Leadership: Russia Goes For The Gold


November 24, 2009: After going back and forth on defense budget increases in the last year, Russia announced that they will be spending over $50 billion in the next year. This will include nearly $34 billion for procurement of weapons and equipment from Russian firms. This says two things. First, Russia believes the worldwide economic recession is over, at least in Russia. Second, Russia considers survival, and growth, of their defense industries a high priority goal. The reason for this is that their defense industries, which were world class at the end of the Cold War (in 1991), have since slipped because of over a decade of sharply reduced (over 80 percent) sales. Most of the sales decline came from a similar cut in Russian defense economy, and the loss of sales to East European nations (whose defense spending was controlled by Russia until the East European communist governments were overthrown in 1989). The Russian economy collapsed in 1991 because of decades of inefficient central control, and overspending on military. Russia had started an arms race with the West in the 1960s, and refused to give this up until it was too late.

There is some doubt that the Russian defense industry will be able to meet the new demand, unless they divert equipment from export customers. In any event, export customers are getting harder to come by, and the government is under great pressure to come up with additional money for replacing or refurbishing its aging (Cold War era) weapons and equipment before this 1980s era stuff becomes totally useless. By increasing purchases from Russian defense industries, research on new weapons can continue, and these companies can obtain export sales and remain profitable and self-sustaining.

Meanwhile, the really big defense spender continues to be America. Unlike Russia, the United States can afford massive defense spending. For example, U.S. military operations in Iraq, Afghanistan and elsewhere have, since September 11, 2001, cost about a trillion dollars. That seems like a lot, and it is. But it's not a lot like it used to be. For example, World War II cost the U.S., at the time (in 2009 dollars) over four trillion dollars. That amounted to over 33 percent of U.S. GDP (at the time). The current war on terror is costing about one percent of GDP. So while war may appear to be getting more expensive, relative to the amount of money available, it's actually getting cheaper.

The initial cost of World War II, and most wars that came after it, will eventually double because of the cost of taking care of the veterans. There were over a million casualties in World War II, many of them serious, with long range effects. The long range health problems were not anticipated, nor were the more expensive treatments. You have to pay. The vets are owned a debt that cannot be avoided.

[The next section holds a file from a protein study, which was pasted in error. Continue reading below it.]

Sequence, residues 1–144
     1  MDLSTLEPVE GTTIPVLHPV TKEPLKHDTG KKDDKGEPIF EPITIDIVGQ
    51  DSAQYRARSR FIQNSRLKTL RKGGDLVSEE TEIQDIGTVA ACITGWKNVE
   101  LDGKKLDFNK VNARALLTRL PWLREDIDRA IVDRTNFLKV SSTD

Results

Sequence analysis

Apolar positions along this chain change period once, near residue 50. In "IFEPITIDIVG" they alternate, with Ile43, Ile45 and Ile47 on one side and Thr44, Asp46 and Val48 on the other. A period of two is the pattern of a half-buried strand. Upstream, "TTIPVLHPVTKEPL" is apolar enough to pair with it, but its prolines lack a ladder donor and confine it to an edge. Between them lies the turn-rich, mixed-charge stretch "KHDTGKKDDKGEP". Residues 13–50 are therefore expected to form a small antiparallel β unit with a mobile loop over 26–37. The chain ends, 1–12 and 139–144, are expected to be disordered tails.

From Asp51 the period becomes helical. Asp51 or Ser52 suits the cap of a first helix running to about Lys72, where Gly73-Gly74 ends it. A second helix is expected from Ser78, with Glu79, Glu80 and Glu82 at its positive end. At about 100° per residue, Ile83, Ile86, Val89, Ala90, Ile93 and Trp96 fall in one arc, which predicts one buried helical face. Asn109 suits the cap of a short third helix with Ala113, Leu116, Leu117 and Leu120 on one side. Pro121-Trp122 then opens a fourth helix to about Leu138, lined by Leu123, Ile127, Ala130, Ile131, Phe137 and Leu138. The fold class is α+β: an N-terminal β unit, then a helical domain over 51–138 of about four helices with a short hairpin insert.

As a percentage of GDP, military spending continues a decline that has been going on since the 1960s (when, because of the $686 billion cost of the Vietnam war, defense spending was 10.7 percent of GDP). That went down to 5.9 percent of GDP in the 1970s and, despite a much heralded defense buildup in the 1980s, still declined in the 1980s (to 5.8 percent.) With the end of the Cold War, spending dropped sharply again in the 1990s, to 4.1 percent. For the first decade of the 21st century, defense spending is expected to average 3.5 percent of GDP. This is about what Russia is now spending. Most of the current defense budget is being spent on personnel (payroll and benefits), and buying new equipment to replace the Cold War era stuff that is wearing out and to pay for operations in Iraq and Afghanistan.

This trend is all because of the industrial revolution of the 19th century, which created a lot more money, much of which nations promptly squandered on wars they could not have afforded earlier. The American Revolution, for example, cost the United States less than $2 billion. The main reason for the low cost, compared to later wars, was that there simply was not a lot of wealth (money or goods) to scrounge up for the war.

The United States has always been enthusiastic about spending enormous amounts on weapons, ammunition, supplies and equipment for the troops, with the idea of keeping U.S. casualties down while still winning the war. Thus during World War II, U.S. combat deaths were 300,000 (plus 100,000 non-combat dead). The Soviet Union, on the other end of this scale, lost 10.7 million dead in combat (including 4.4 million captured and missing), and nearly 20 million civilians killed as well. Of all the major combatants in World War II, the U.S. had the lowest casualty rate (about 2 percent of its troops). Russia lost about 15 percent of its entire population during the war.

The U.S. kept its losses down partly because of the amount of money spent per person in the military (over $250,000). The current casualty rate is a third of what it was during World War II, and the amount spent per person has more than tripled (exact comparison is tricky, as all military expenses were counted during World War II, while the current war is being fought with only a small portion of American military might, and the navy and air force continue to take care of many non-war-on-terror responsibilities.) While the dollar cost of war is good for a hot headline on a slow news day, the fact that the money saved lots of American lives, never seems to make it to the front page.

All dollar figures mentioned above are in terms of 2009 (inflation adjusted) dollars.


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